Tuesday, October 30, 2007

“Micronesia abstained.”

One could argue that today’s vote in the UN General Assembly declaring the “necessity of ending the economic, commercial and financial embargo imposed by the United States of America against Cuba” was a great victory for Cuban diplomacy, or a great defeat for President Bush a week after he called on the world to “put aside its differences” over U.S. policy toward Cuba.

But this is the sixteenth time in a row that the resolution has passed. It is not as momentous as it once was.

To me, what is noteworthy in the vote – 184-4, with Micronesia the lone abstention – is that many U.S. allies used to abstain, and today they did not. Not the Europeans and Australians who spoke during the debate in favor of human rights and the liberation of prisoners, not the Poles, Czechs, and Hungarians whom the President singled out for praise last week. The Israelis voted against the resolution apparently as a courtesy, because they trade with Cuba and invest there.

After sixteen rounds, the drama may be gone, but the vote is a very objective reminder that apart from the United States, Palau, and the Marshall Islands, no country – not even allies who explicitly share the President’s goals of democratic reform – agrees that the United States is right to try to isolate Cuba, much less undertakes policies of its own to that end.

A Reuters report is here.

(Photo of Cuban foreign ministry.)

29 comments:

leftside said...

What a blow to the US and Bush, who timed his speech directly to coincide with this vote, in a desperate hope to avoid this kind of drubbing...

Israel will be rewarded for their hypocrisy the next time the US vetoes a Security Council resolution on their occupation.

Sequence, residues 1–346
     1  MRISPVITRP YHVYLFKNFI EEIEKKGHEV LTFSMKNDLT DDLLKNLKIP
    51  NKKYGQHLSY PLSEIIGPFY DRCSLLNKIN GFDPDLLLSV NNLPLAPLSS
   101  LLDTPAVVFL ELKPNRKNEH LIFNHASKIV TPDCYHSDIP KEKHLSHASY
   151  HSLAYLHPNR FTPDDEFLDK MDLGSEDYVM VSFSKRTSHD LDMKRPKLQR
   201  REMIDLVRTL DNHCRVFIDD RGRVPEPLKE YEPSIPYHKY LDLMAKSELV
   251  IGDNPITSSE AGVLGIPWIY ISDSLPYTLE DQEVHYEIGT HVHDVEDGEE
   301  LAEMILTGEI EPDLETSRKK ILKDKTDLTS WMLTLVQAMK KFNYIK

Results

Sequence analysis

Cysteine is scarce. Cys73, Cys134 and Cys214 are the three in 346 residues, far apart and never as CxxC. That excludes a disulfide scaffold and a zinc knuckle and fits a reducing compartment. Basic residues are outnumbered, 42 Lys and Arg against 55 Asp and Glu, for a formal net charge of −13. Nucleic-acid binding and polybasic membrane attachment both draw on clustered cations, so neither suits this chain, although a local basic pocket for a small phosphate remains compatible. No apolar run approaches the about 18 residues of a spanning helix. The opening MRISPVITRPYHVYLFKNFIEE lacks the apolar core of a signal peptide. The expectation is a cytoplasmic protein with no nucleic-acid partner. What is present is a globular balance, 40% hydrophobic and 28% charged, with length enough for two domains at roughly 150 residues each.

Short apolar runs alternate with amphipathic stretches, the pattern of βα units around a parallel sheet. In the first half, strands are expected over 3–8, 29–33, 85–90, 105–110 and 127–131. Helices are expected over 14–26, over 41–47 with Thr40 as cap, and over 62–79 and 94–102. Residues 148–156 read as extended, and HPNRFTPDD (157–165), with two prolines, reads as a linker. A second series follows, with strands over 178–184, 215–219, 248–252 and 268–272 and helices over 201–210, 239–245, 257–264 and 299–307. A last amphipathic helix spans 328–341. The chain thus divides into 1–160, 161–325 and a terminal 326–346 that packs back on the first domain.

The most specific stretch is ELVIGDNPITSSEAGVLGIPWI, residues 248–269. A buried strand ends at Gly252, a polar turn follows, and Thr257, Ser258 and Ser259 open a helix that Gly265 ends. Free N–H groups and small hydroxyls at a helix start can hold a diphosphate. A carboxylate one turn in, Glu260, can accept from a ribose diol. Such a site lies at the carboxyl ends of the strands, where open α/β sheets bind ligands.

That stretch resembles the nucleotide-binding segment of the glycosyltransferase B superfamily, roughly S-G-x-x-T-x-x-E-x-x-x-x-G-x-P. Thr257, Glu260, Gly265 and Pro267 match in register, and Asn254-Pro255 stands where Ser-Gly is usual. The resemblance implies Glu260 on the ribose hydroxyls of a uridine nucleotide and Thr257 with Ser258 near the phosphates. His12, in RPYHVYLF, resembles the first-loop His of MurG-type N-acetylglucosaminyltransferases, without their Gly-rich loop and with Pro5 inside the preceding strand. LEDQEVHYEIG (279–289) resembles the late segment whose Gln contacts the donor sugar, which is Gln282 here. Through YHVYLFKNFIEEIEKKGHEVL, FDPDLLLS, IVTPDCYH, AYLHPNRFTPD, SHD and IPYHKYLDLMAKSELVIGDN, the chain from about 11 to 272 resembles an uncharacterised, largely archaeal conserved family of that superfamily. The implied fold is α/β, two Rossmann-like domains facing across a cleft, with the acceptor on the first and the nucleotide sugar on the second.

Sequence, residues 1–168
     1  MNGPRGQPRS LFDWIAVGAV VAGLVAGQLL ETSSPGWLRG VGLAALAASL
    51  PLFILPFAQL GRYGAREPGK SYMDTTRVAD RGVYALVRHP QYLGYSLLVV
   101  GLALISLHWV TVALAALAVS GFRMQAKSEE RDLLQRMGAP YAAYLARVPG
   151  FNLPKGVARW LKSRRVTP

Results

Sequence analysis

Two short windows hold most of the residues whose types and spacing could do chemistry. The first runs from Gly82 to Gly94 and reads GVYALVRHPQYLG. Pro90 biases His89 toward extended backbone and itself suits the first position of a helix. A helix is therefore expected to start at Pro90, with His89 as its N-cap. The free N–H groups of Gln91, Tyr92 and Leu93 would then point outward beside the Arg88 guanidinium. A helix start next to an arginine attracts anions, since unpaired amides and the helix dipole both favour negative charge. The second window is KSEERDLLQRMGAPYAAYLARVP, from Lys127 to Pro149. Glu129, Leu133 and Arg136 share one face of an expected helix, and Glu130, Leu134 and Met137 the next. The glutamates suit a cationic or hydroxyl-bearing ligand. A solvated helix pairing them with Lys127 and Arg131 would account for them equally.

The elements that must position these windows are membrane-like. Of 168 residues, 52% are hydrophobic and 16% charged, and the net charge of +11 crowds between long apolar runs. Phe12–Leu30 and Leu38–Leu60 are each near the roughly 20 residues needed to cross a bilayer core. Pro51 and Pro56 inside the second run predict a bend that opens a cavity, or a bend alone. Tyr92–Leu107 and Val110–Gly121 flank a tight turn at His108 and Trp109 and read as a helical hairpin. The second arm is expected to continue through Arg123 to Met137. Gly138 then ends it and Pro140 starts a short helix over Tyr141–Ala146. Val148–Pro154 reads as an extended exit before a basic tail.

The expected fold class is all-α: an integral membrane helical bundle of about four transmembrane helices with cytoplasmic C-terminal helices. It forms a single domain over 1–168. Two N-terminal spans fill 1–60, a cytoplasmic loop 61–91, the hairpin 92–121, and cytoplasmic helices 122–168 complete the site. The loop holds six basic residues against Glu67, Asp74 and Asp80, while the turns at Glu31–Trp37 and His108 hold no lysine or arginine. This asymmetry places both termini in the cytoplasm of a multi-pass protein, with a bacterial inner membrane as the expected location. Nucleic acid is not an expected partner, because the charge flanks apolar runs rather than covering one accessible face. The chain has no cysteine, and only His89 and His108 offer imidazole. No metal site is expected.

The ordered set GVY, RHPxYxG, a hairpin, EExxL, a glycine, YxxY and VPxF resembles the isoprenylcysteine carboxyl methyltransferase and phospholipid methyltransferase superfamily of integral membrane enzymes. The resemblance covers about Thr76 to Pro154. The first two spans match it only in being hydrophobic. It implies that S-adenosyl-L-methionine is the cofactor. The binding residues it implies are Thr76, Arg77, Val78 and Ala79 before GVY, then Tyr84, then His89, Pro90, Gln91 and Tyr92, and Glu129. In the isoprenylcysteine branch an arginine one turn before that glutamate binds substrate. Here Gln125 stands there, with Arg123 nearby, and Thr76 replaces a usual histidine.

Anonymous said...

Bush knew, when he made the speech, that this would happen. His speech was not meant to avoid anything. His speech simply magnified Castro's "victory", almost on purpose.

Anonymous said...

leftside, I see you're the complete package...hate Israel too.

leftside said...

That's right anon, and you fit the pattern of an ignorant right-wing smear monger unable to differeniate one denouncing the hypocrisy involved in being alone in defending occupations and blockades and hating a country.

I'm sure everyone is getting tired of me responding to your ludicris personal attacks.

Juan Cuellar said...

Interesante contraste a lo que alegan los Squealers de la Granja de los Castros acerca del embargo: ver lo que decia el Cerdo Napoleon Orwelliano de Cuba, Fidel Castro, en: Los Squalers (Chivatos) de Orwell en la Granja de los Castros

leftside said...

Jeez, die-hard anti-Cuban Andres Oppenheimer and now Georgie Anne Geyer of the Wall Street Journal have come down hard on Bush's speech and US policy ("interference") in Cuba.

Anonymous said...

you want Oppenheimer and Geyer, leftside? you can have them...in fact, take all the op-ed writers you want; we'll take the policy...

Juan Cuellar said...

Lefty brings lefty Georgie Anne Geyer like something out of this world. The author of "The prince... revolutionary? A interview with Castro. A Fullbright scholar. Is like bringing Mike Duranty oped in the NYT about the wonders of the Soviet Union. Only that later, the Pulitzer Price, was a KGB agent.
Oppenheimer is a chameleon. Nothing serious about him. He is part of the special interest of this nation" Those merchants that want the embargo lifted so they can make Castro's Cuba the China of the Caribbean. And also take the island under their control. the Argentinean is looking for that. He did somenthing like that with Mexico crisis known as "Tesobonos" Simple as that.

leftside said...

I don't want Oppenheimer and Geyer on my side, but I would think you would if you want your bankrupt hard-line policy to go anywere 13 months from now.

Also, everyone should check out this (now English) piece on the "banned" video "Mala Leche" from the popular groups Moneda Dura. The Juventud Rebelde reviewer harshly criticizes the move to stop playing the video, and in fact says the (very critical) song comes from the best Cuban traditions. The piece ends by proclaiming "Changes yes; changes for the good of all."

Juan Cuellar said...

Lefty, whether you want them or not on your side is irrelevant. The fact is you brought them on to this forum to support your anti-Bush agenda. Is like taking seriously what old Walter Lippman say, being as he is, a collaborator of that regimen. Give me a break! Others close by fill that profile.